Moving Pictures
Feb 28, 2024, 06:29AM

Muff Drivers

Drive-Away Dolls is an exhilarating directorial debut by Ethan Coen.

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Joel Coen’s The Tragedy of Macbeth is one of the only movies I’ve ever almost fallen asleep in; Ash is Purest White was sleep deprivation, but again and again, I can’t engage with filmed Shakespeare. Reading him is transcendent; I feel like I read Laurence Olivier’s Richard III. But open captions hadn’t reared their ugly head yet in early 2022; if Coen or someone else makes a new Hamlet or the first Cymbeline, I’ll go to the screening with subtitles. BORING—no more about Macbeth or Joel, the “other” Coen brother—Ethan Coen is the one. For decades, they made nihilistic American masterpieces like Fargo, Burn After Reading, No Country for Old Men, Raising Arizona, and Inside Llewyn Davis together; in their 60s, they’ve made a clean split, deliberately or not, debuting as solo directors with two very different films that contain almost all of their terminal preoccupations.

Drive-Away Dolls is Ethan Coen’s first, co-written with his wife Tricia Cooke. She’s a lesbian and according to her, they have an arrangement. Although the pandemic jumpstarted rewrites and production, the couple wrote the script throughout the 1990s as a private, free creative exercise. It was called Drive-Away Dykes, and that’s the second title given on screen at the end when some flimsy flyers reading O, L, L, and S fly away and reveal the titles’ curiously 2005 mall emo graffiti style. The rest of the movie is pitch perfect for 1999, the year that this movie is set and the year that the Coens shot O Brother, Where Art Thou?, the first film ever digitally color corrected. That ushered in an era of sick, harsh yellows even when American movies didn’t find themselves in Mexico or Afghanistan.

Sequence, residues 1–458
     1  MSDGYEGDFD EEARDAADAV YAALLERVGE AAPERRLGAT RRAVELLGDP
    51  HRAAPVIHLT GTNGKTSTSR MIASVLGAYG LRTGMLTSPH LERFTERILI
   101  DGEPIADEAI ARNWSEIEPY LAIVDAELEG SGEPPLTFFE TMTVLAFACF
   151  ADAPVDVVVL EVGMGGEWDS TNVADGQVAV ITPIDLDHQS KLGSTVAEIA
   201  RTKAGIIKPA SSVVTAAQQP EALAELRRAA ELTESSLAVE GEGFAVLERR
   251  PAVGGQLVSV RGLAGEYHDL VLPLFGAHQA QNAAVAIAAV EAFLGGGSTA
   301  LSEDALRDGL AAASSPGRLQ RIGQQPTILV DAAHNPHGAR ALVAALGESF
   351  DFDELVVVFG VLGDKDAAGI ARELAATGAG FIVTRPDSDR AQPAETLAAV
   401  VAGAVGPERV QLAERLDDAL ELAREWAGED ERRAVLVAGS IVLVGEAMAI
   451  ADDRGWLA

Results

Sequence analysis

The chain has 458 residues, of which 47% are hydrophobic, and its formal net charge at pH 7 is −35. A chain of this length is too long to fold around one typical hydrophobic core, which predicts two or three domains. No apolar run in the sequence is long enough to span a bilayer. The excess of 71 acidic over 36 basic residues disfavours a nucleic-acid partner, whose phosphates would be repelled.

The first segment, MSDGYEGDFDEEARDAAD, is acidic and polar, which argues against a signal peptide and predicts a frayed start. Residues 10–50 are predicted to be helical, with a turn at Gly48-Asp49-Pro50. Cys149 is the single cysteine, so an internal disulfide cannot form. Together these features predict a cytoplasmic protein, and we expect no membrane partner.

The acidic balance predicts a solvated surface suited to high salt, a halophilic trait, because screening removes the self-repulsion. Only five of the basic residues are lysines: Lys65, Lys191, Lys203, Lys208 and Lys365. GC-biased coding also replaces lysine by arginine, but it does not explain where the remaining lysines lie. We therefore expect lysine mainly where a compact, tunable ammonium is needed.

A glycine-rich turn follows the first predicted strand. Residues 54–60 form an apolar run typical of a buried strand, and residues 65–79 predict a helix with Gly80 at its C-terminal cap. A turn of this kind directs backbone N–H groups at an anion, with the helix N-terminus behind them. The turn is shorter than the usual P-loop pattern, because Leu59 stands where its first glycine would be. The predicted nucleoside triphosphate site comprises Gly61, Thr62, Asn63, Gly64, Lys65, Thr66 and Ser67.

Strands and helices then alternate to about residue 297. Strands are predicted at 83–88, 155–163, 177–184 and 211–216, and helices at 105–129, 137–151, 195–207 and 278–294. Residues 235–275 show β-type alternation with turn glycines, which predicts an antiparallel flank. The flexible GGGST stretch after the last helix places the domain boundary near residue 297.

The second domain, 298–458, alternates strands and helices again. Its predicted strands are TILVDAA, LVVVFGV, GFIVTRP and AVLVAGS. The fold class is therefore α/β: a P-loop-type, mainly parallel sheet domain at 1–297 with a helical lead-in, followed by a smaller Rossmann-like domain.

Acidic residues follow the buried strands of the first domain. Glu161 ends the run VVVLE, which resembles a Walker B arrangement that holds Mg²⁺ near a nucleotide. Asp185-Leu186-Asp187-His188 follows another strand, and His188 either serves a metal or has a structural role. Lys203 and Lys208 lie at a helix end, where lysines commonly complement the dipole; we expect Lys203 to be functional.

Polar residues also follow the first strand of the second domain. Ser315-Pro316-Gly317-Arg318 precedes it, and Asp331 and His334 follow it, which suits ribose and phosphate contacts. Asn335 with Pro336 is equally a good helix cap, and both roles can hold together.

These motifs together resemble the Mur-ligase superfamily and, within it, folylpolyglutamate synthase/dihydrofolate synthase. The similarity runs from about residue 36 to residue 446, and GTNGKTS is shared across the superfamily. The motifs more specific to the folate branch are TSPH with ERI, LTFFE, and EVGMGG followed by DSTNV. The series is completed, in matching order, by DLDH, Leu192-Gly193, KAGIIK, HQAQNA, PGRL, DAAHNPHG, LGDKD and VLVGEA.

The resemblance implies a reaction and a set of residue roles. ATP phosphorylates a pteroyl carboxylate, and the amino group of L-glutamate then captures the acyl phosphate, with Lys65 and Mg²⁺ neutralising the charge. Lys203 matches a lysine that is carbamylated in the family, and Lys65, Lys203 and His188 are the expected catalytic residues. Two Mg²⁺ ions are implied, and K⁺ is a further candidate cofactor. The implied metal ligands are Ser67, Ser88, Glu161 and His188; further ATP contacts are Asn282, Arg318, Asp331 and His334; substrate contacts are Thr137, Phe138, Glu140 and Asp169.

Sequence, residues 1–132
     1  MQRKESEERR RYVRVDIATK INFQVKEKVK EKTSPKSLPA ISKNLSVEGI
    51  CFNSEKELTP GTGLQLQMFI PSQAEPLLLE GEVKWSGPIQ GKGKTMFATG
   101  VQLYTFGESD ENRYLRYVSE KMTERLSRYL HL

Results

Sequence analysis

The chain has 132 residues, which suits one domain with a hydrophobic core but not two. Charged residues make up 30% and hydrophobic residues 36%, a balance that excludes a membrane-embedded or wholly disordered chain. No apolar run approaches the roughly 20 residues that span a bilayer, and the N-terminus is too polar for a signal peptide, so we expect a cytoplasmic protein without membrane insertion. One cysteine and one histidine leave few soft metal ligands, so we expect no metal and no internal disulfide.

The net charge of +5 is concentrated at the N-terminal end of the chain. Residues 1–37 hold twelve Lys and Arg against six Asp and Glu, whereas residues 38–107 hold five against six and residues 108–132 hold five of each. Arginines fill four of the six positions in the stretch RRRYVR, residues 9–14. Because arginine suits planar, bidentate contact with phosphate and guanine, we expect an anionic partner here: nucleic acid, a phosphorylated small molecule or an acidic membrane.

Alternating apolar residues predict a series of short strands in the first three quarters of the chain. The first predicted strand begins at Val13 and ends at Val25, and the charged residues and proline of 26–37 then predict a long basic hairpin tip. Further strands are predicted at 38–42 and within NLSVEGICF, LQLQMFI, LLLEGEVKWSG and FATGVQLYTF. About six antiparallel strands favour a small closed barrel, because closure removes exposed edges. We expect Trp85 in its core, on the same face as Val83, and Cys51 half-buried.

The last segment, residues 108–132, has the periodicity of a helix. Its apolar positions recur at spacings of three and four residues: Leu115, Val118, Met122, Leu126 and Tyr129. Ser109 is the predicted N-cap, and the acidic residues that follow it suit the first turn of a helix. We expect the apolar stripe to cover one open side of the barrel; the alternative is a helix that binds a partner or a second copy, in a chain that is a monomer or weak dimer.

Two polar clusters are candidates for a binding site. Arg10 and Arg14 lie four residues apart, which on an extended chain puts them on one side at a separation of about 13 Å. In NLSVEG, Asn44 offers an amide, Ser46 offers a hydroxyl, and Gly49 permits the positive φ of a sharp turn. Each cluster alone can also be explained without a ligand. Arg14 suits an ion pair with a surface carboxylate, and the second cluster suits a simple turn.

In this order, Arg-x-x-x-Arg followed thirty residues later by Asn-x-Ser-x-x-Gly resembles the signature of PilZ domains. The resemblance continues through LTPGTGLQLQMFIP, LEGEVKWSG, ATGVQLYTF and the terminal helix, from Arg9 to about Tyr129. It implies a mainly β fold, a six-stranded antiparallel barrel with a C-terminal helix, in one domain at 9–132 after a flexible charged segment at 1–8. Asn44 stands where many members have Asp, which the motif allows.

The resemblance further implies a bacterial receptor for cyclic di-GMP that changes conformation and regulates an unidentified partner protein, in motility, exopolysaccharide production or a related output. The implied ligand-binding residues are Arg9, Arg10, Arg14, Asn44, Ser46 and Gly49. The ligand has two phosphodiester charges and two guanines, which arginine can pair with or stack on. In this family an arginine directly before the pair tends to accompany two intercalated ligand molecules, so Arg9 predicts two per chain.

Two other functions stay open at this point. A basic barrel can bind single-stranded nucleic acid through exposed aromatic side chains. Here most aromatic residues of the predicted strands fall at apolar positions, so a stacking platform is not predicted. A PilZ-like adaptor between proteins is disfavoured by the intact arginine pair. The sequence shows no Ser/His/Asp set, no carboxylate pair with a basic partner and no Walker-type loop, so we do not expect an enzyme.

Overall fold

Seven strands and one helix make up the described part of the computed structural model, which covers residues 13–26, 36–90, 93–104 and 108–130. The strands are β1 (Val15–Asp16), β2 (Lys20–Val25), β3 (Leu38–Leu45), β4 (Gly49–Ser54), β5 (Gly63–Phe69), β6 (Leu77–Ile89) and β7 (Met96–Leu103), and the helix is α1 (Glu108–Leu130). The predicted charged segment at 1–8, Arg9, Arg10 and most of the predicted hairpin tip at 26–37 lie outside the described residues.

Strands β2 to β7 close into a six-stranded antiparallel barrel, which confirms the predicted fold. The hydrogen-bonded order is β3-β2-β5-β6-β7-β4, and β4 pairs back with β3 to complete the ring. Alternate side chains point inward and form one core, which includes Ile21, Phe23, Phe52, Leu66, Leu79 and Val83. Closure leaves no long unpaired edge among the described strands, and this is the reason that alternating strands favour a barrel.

No Country for Old Men is a great movie that looks terrible; Drive-Away Dolls is a great movie that looks even better. Is it “low stakes” compared to some of their other films, and many others in theaters now? I guess, but why is this such a sticking point for some people, either pro or con? I was shocked after I saw it that Drive-Away Dolls is getting polarized reviews from audiences and critics—this was a slam dunk, but the Coens have always been too nasty for some people (Jonathan Rosenbaum calls them “anti-humanist”). I don’t get that, and I was shocked when the audience I saw it with didn’t take well to some mobsters getting shot out of nowhere. Even if you don’t know the Coens, where do you think frustrated men with guns and no patience are going? Tallahassee?

Exactly. Margaret Qualley and Geraldine Viswanathan are the gay friends that rent a car and drive from Philadelphia to Tallahassee in 1999. That car was supposed to go to a pair of mobsters echoing Steve Buscemi and Peter Stormare in Fargo. Chase ensues. The girls mostly have fun at various gay bars down South while hapless gangsters fail to find them or their car. Qualley tries to loosen up Viswanathan and succeeds in the end. They make out with a soccer team and eventually have sex, outliving their pursuers and living happily ever after—and rich!

This movie is 84 minutes. WHAT IS THE MATTER WITH YOU PEOPLE!

Of course it isn’t the seismic and chilling Oppenheimer, or the funeral march of Killers of the Flower Moon, or even The Holdovers, very funny and very sad. Big, big films; other “low stakes” films like Anyone But You have been remarkably successful given how uninspired and stiff they are. But on the whole, a new Coen Brother movie is a sign of health; nothing’s really changed. I loved Suburbicon in 2017, a movie people really hated. Why? It was fucked up, but it was a comedy. Come on. The Zone of Interest should’ve been a comedy.

—Follow Nicky Otis Smith on Twitter and Instagram: @nickyotissmith


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